Council candidates offer different ideas on housing policy
The decision by Mayor Steve Adler and City Council last month to abandon CodeNEXT, a proposed rewrite of the Land Development Code, reflected the deep divisions in the community over the prospect of increased residential density in single-family neighborhoods.
However, in response to a questionnaire sent out by AURA, an urbanist advocacy group that supports dense development and public transit, even candidates for Council who were hostile or ambivalent about CodeNEXT spoke positively of increasing multifamily housing development.
Bobby Levinski, a candidate in Southwest Austin District 8, took an active role in the petition drive to subject CodeNEXT to a vote, in collaboration with Community Not Commodity, a group founded to oppose CodeNEXT. However, Levinksi’s responses to the AURA questionnaire largely aligned with New Urbanist thinking, emphasizing the importance of increasing housing supply.
In addition to bolstering city investment in public housing for low-income families, Levinski said he would focus on “making the development review process quicker and more predictable to minimize the time, costs and risks that developers take on – and hopefully increase production” of market-rate units.
In a text message, Levinski said that “not everything is either/or; the sooner we acknowledge that, the sooner we can move forward.”
Two of his opponents in the District 8 race, Rich DePalma and Paige Ellis, similarly advocated for more housing.
Asked how the city should respond to rising rents, DePalma said, “The solution involves increasing supply, reducing costs for development and leveraging funding for affordable housing.”
Ellis said that the city “needs to support dense housing such as apartments, condos, and Accessory Dwelling Units” in addition to providing funding for income-restricted housing. She also noted that denser housing promotes more “spontaneous encounters” between neighbors, which can “increase our sense of community.”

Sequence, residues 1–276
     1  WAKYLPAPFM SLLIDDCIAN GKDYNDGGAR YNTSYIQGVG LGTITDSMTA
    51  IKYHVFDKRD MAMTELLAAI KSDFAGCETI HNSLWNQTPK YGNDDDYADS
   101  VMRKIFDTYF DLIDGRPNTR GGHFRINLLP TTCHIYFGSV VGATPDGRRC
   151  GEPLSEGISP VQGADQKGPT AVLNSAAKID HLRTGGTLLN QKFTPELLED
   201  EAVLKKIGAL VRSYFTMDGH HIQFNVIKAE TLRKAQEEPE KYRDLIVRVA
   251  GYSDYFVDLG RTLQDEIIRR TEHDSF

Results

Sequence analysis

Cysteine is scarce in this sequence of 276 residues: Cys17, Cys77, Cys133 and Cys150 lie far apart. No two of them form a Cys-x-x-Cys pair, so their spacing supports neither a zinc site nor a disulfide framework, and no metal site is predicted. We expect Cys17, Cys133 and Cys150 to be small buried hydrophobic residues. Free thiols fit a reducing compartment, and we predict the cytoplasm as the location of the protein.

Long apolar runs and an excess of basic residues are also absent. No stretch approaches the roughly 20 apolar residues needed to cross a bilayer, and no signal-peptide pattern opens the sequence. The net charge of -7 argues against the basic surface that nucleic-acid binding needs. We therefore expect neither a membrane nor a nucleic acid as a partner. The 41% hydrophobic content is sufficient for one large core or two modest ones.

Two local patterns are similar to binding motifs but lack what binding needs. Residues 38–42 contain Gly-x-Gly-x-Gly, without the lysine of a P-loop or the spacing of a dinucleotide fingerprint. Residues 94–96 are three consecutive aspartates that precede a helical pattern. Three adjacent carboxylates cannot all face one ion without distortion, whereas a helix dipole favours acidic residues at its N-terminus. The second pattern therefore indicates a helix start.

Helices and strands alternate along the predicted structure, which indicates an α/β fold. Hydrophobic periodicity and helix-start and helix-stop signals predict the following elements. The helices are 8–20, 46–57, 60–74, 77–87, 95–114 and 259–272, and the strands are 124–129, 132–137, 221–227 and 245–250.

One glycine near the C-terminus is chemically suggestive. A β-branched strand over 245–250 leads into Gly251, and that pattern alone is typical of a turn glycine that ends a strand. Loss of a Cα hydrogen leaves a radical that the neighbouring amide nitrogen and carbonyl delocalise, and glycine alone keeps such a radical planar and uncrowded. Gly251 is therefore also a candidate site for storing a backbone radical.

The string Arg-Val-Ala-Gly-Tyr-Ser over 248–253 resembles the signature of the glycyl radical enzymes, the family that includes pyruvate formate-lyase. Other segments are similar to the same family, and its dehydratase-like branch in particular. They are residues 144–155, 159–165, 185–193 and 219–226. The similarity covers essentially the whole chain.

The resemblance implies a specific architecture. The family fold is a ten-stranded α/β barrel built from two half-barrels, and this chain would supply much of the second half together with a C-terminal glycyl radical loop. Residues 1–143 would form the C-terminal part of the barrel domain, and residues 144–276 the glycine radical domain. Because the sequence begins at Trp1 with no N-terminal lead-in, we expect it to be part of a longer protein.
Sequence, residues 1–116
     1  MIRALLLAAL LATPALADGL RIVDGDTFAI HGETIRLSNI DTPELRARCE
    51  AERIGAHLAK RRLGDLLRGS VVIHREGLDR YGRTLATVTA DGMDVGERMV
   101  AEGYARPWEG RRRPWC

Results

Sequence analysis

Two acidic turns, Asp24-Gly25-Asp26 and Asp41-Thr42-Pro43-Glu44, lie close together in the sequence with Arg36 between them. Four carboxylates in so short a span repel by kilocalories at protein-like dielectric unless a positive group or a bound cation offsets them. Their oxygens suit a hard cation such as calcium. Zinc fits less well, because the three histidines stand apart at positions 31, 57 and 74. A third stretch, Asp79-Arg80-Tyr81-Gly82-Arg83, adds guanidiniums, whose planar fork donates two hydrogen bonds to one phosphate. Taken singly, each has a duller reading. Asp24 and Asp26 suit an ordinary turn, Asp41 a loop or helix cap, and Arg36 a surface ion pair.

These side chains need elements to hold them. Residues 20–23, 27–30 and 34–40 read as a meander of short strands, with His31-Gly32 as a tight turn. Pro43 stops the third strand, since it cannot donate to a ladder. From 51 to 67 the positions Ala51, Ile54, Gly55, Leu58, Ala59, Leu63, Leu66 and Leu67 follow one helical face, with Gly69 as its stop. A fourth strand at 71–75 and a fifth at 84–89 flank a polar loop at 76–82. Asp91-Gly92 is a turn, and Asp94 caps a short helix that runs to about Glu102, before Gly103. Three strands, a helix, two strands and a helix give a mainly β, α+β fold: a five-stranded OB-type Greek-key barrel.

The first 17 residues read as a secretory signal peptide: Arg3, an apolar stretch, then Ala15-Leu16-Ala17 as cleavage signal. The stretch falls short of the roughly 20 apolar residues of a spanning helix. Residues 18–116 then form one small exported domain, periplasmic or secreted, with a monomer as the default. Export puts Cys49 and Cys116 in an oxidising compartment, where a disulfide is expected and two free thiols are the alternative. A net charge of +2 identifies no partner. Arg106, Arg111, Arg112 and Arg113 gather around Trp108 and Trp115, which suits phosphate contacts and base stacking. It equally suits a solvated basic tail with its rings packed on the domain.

AURA has endorsed DePalma.
Vincent Harding, a candidate to replace retiring Council Member Ora Houston in East Austin’s District 1, won the support from a number of community leaders who opposed CodeNEXT or have generally been against increased density, notably Houston herself. However, in his questionnaire Harding said that he supported increased by-right zoning entitlements and that “the next land development code should look at increasing the ability for multi-family to be built to help meet housing demands” and “increase density to encourage mass transit use.”
The three other District 1 candidates who replied to the questionnaire were even more vociferous in their support of density as a housing solution.
“We should be allowed to build multifamily apartment buildings everywhere,” said Mariana Salazar in response to a question about where in the city apartments should be built, and whether that includes Central Austin neighborhoods. “Different types of housing meets different needs, and our city should have opportunities to meet each of these needs across our different neighborhoods.”
Natasha Harper-Madison, who AURA has endorsed, was similarly adamant: “Multifamily apartment buildings should be built anywhere people need them! Yes, there should be more multifamily apartment buildings in central Austin, definitely.”
Reedy Spigner III said that he would defer to elected officials from Central Austin to talk about that area’s needs but added that increased multi-family housing “is my preference throughout all of Austin.” Spigner also emphasized that “the one person per vehicle model is broken” and that dense, mixed-use development was key to reducing reliance on cars.